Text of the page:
Claire Hanna: I am happy to come in on more general questions for Councillor Hutchinson on the context.

Ian Paisley: Can I declare that I have an interest? I am involved in a legal case involving the protocol.

Chair: Forgive me; I should have asked that beforehand. That is my fault, not yours, and I am grateful.

Q886       Ian Paisley: Councillor Hutchinson, Billy, it is good to see you. It would be very helpful if you could put on the record for us how you think unionists and loyalists could be made to feel less British as a result of the protocol.

Billy Hutchinson: The difficulty is that, in terms of that understanding out there on what the protocol is, for me, I see it as a trade deal with the EU, which was supposed to be done to get us out. It has raised more issues and concerns than it has settled anything. In terms of my Britishness, I do not see why the protocol bars British goods from coming into Northern Ireland, or Northern Ireland from being able to take anything from the UK, without having to go through something elseso unfettered access.

We all know that Asda, Sainsbury’s and everybody else deliver food to Northern Ireland on a daily basis. I cannot see how that is a threat to the European Union or a threat to anywhere else, but we have that. From my point of view, it is about my Britishness. This is what I am saying to you and I want this put on record. We were told, and we have always been told, that it is enshrined in the principle of consent where people go in Northern Ireland. It seems to me that that principle of consent is being dumped, or at least being tampered with to try to scare unionism.

We can see that the Republic of Ireland, America, the EU and everybody else seem to think that, if they solve the problem in Northern Ireland and there is no border, it is over. I would remind people that there is a very large minority, no matter what way it goes, whether that is a pro-Irish minority or a pro-British minority. That is a very difficult thing. We live in a divided society and we need to remember that we live in a divided society. We need to be working at that.

I do not have a problem with having relationships with the Republic of Ireland, but it is not about the sovereignty of the UK. It is about how we co-operate on an island that we share. That is what it should be about. From my point of view, I am waiting to see what dilutes my Britishness. I have to be honest: I heard the breakfast news this morning and they are now talking about not letting chilled goods into Northern Ireland from England. How far does this go?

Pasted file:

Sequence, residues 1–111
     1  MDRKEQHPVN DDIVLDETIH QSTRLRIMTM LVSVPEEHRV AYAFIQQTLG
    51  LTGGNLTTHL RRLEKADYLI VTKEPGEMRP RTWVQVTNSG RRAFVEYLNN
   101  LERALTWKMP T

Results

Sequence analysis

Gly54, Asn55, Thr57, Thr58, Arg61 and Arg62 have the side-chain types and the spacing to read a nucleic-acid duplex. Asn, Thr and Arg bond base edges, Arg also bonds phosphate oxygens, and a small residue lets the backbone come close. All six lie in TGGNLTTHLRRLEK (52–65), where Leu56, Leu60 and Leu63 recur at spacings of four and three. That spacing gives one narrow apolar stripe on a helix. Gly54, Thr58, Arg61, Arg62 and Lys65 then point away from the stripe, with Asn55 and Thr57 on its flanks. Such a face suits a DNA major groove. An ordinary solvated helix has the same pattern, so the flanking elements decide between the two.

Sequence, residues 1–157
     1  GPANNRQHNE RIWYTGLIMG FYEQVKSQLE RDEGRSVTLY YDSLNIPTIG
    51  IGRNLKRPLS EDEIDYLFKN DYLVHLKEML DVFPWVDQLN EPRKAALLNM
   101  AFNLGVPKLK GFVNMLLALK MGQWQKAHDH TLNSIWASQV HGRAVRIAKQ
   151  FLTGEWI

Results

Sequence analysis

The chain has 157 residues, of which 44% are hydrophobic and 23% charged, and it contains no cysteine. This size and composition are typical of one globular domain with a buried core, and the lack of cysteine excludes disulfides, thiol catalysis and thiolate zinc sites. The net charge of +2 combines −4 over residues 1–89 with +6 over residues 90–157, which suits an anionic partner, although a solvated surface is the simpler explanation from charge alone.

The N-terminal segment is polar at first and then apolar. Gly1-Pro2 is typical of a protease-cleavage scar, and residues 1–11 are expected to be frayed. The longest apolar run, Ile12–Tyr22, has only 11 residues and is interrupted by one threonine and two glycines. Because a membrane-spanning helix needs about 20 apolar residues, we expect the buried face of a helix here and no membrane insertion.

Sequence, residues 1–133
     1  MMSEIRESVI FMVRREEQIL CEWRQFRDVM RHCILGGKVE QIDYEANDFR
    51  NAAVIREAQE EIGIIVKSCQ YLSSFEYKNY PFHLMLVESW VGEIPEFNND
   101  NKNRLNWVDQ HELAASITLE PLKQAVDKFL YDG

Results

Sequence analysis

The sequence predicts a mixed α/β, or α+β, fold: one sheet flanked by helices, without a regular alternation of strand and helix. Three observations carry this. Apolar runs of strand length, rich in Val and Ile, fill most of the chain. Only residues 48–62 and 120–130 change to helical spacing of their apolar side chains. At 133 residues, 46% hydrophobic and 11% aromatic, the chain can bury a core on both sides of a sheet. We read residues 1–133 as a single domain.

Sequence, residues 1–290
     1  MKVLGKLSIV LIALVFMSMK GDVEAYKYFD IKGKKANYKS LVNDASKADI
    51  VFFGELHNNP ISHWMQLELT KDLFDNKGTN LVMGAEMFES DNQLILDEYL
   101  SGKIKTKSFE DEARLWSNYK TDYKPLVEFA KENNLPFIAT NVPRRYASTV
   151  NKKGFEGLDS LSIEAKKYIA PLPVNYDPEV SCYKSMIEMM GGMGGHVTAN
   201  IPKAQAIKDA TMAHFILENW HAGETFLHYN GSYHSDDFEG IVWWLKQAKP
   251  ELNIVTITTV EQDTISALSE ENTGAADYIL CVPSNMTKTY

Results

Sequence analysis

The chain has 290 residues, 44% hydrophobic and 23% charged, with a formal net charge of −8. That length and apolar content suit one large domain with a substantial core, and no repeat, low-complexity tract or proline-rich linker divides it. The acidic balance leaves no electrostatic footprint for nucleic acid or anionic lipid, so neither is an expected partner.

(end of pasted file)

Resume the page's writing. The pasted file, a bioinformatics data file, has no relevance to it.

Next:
Q887       Ian Paisley: I am going to come to that in a wee bit with my third question, but it is just dealing with this issue of the impact this has on the sense of Britishness and the sense of being part of the same state as the rest of the UK. Is it the issue that we, or the people of Northern Ireland, literally have no say over these regulations, and yet Europe will have a say? Whether it is a positive or a negative say, the fact is that it will have a say, the UK Government will have a say, but for us, the people of Northern Ireland, our consent has been removed from that. Is that the bit that starts the fear that there is an erosion of our sense of Britishness?

Billy Hutchinson: The protocols seem to be the manifestation of it and that is what people believe, but my concern is the single market and how that plays out. We are not represented in Europe by anybody. The single market suggested that we were represented by the Republic of Ireland. We are not. We are not looking to vote for people in the Republic of Ireland. We are not looking to vote in terms of people from the Republic of Ireland representing us anywhere, let alone Europe. Those are the things that are telling.

We talk about a border in the Irish Sea. The border is in UK ports. They are not in the Irish Sea. They are in UK ports. If you want to come through Liverpool, Stranraer or anywhere at all to Larne or Belfast, you are restricted. People are saying that that restriction is a diminution of people’s rights in terms of the UK Government. I say to you again: my biggest fear is that, if we are left in the single market, we are being aligned with Europe and not aligned with the UK. Where does that leave us in seven years’ time, when all of this would seem to be resolved in seven years’ time? Where does that leave us?

There is no doubt about it, Ian. The difficulty is on the streets. I will talk for my DEA, which is Court, with Shankill and part of the Falls. There is no question but that people are angry and people misunderstood how Brexit was going to play out. People did not realise that Brexit would have a bigger impact in Northern Ireland than in the rest of the UK. The protocols are the manifestation of people attacking their Britishness or taking something away.

Q888       Ian Paisley: You would agree, then, that there should be no checks on any goods that are going to be consumed in Northern Ireland and come into Northern Ireland from GB. There should be no checks on goods leaving Northern Ireland to be consumed in GB.

Billy Hutchinson: Yes, that is our party’s position and my position. We always say that it is twofold. We have businesses that are struggling and we have some businesses that are not struggling, because they have been able to come to terms much more easily with the paperwork. Yes, it will probably be different.  You will have people who own companies and are doing well at the minute, because they have the paperwork sorted out. Then you have smaller companies that cannot get the paperwork sorted out and are not doing so well.

Q889       Ian Paisley: Mr Hutchinson, you must be aghast when a company like B&M, which is one of the largest shop stockists in the UK, announces that the checks on, say, shipping Pot Noodles across the Irish Sea have now been increased. They have to issue veterinary certificates for them. The head of it has said, “Why do we have this friction? It makes no sense”. George Eustice, our Minister for the Environment, has said that up to 300,000 certificates would now need to be granted each year, five times more than current levels, as a result of the protocol. That must alarm you that this situation is only going to get worse.